Then there is The Cauldron Kitchen. The idea of opening a bright and shiny new commercial kitchen in Ottawa had been simmering with co-founders Dave Neil and David Villarroel for more than three years before they officially opened the doors earlier this year. The Cauldron boasts three different spaces available for rent in four-hour blocks, typically used by small producers and local food businesses, such as The Kneaded Kitchen and Savoury Pursuits.

The spaces come, as you could imagine, with heavy-duty equipment far beyond what my kitchen would allow. The combined list of resources includes: a deep fryer, six-burner range, deck and convection ovens, steamer, dehydrator, flash freezer, commercial dishwasher and tons of prep space.

When it comes to preserving the season, The Cauldron is offering a series of 12 workshops on Tuesday nights, following the harvest starting in early August through late October, as part of its food school, for novices and the experienced alike.

Susan Jessup, culinary alchemist at-large (or "mad scientist," she says with a laugh) and head of product development at the Wild Oat Bakery on Bank Street, is one of three instructors (along with SmoQue Shack owner and chef, Warren Sutherland and Jo-Ann Laverty, cofounder of The Red Apron) sharing their well-honed tips and tricks in the series. Jessup, who has been working professionally in Ottawa's food industry for more than 16 years, attributes her love of food and food knowledge to a childhood of foraging, hunting and gardening.

Jessup plans to infuse the hard-and-fast science of preserving with creative whimsy —"guiding people to places they haven't been before," she says. "Obeying the laws of science — there is no flexibilty when it comes to following the rules of health and safety. Beyond that, we're only limited by our imagination."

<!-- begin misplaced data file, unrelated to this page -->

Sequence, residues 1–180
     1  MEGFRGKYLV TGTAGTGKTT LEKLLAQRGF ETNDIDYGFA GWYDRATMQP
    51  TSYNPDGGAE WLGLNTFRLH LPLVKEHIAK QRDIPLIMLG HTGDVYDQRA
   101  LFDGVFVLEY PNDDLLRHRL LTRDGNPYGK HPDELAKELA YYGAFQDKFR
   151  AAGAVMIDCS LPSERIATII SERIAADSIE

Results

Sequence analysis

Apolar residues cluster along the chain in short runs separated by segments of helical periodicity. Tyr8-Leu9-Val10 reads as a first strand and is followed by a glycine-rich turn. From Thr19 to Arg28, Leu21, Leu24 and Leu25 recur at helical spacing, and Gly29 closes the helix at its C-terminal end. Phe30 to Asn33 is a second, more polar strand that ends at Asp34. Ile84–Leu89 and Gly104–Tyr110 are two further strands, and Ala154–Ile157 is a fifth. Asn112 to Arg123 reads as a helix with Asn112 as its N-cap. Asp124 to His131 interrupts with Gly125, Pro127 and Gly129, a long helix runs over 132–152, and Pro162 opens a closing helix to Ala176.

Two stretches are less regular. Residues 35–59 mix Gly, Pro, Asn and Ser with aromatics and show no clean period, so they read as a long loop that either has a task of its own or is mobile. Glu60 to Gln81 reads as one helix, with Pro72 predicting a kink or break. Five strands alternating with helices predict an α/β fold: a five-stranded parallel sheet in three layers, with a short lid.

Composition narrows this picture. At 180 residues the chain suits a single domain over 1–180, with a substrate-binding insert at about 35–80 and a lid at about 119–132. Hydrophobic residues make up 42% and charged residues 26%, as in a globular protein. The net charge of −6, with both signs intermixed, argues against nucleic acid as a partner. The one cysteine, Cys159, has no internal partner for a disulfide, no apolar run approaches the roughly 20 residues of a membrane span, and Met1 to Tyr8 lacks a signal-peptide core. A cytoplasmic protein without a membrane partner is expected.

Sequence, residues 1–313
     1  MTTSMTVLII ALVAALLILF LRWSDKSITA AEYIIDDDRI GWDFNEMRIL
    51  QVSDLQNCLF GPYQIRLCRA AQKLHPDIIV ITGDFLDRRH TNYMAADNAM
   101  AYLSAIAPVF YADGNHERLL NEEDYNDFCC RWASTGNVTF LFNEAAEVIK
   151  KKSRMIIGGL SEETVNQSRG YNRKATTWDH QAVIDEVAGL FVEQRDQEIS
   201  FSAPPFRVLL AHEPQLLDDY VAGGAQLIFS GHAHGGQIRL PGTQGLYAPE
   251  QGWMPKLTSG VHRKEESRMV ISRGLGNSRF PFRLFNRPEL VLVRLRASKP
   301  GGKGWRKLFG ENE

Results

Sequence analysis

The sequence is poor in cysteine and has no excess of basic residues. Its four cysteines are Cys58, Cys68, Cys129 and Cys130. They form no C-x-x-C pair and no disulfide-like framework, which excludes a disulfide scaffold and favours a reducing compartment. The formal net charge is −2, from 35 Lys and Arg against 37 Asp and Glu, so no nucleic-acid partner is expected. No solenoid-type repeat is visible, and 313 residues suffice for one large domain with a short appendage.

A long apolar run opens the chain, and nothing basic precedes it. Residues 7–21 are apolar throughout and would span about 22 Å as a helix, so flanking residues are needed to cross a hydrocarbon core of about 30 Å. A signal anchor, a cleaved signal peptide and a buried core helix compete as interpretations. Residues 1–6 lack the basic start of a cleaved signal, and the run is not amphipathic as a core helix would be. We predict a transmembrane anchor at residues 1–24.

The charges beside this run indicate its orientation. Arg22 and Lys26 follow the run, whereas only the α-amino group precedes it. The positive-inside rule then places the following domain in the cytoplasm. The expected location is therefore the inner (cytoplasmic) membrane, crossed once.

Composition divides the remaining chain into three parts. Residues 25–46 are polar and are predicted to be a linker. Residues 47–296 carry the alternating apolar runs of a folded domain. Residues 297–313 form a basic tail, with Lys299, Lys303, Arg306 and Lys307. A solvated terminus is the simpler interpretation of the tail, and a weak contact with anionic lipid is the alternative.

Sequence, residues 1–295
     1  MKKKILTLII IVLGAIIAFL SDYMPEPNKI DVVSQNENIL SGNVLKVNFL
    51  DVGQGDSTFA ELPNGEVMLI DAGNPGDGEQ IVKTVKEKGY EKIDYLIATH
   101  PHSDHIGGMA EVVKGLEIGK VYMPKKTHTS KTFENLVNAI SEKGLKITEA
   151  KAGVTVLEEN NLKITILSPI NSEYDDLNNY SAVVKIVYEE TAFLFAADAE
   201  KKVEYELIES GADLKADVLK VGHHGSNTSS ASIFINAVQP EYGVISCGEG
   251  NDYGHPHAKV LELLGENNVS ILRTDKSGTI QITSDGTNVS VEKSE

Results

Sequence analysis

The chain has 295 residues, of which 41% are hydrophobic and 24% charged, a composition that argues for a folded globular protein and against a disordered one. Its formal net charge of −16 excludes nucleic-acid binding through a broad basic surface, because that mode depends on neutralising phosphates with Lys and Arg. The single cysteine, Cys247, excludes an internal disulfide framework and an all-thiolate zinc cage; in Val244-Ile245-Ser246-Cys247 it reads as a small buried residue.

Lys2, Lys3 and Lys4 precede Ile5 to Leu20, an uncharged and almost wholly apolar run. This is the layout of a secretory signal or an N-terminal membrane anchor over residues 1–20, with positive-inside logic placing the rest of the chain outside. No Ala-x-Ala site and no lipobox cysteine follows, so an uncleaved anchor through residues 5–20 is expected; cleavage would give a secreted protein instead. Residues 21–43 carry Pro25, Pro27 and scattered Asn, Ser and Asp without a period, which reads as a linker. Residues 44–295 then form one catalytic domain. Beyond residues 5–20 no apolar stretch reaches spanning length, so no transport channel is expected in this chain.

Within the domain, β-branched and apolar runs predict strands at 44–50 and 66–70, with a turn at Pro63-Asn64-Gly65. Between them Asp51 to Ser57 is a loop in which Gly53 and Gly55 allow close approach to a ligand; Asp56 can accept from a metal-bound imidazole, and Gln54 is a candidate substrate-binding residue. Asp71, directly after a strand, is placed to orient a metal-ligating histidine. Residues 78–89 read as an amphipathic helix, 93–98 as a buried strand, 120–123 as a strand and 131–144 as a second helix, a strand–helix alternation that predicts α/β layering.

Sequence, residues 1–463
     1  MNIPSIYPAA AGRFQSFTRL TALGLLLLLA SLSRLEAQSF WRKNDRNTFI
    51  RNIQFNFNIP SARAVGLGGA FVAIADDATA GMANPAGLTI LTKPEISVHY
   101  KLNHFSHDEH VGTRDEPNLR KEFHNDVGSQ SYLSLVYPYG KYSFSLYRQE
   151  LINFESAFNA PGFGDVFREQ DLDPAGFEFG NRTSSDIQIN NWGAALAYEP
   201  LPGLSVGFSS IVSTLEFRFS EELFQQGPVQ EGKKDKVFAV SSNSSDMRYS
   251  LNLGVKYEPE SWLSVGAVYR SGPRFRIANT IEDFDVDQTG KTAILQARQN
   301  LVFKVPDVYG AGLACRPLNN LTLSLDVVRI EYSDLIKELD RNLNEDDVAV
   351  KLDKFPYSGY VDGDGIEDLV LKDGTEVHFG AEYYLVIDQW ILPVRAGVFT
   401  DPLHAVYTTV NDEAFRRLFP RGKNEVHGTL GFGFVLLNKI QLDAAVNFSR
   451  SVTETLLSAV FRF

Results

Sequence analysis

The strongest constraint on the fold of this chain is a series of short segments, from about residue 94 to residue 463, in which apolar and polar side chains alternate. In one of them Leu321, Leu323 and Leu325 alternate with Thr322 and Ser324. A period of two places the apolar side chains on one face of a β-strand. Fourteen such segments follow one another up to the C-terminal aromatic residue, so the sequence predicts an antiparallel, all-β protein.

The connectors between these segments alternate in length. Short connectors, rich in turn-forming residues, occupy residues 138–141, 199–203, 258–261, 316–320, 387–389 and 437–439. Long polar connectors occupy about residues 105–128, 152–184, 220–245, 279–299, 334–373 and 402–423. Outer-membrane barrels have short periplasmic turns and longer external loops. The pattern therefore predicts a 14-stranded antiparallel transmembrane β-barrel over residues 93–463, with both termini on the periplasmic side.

According to Jessup, preserving is a lost art. "Preserving, wintering things over, this is what our ancestors have been doing for centuries." In her workshops, she plans to cover the basics of brining, pickling and preserving, incorporating her appreciation for food history, culture and how to apply that knowledge today. It's about expanding our food literacy. As she says, going back in order to move forward and, at the end of it, she wants students to walk away with a beautiful, extraordinary product. Whether it is a bright plum ketchup and green tomato mincemeat at the height of summer, a gift jar of colourful root vegetables in the fall or a quick pickle anytime of the year.

And with that list of serious kitchen equipment at The Cauldron, what I really like is the idea of hosting a preserving party. Getting together with a group of friends and family to book the space and share in the cost ($250 for four hours — prep space, specialty equipment and kitchen included). If you're wise and really efficient, you could get a winter's worth of preserving, freezing and drying done in a few hours. And I imagine the stainless steel kitchen could be hosed down when the canning is done. Again, no muss, no fuss, at least not in my kitchen.

The lost art of preserving is making a comeback. But what we also lose sight of sometimes is a house filled with aunts, children sneaking a premptive bite, a good round of towel whipping and the sense of community that goes along with a day or a weekend of working together in the kitchen.

The Heirloom Kitchen, 613.400.3385

The Cauldron Kitchen Inc.
1155 Lola St., Ottawa, Ont., 613.796.7277

Article from Edible Ottawa at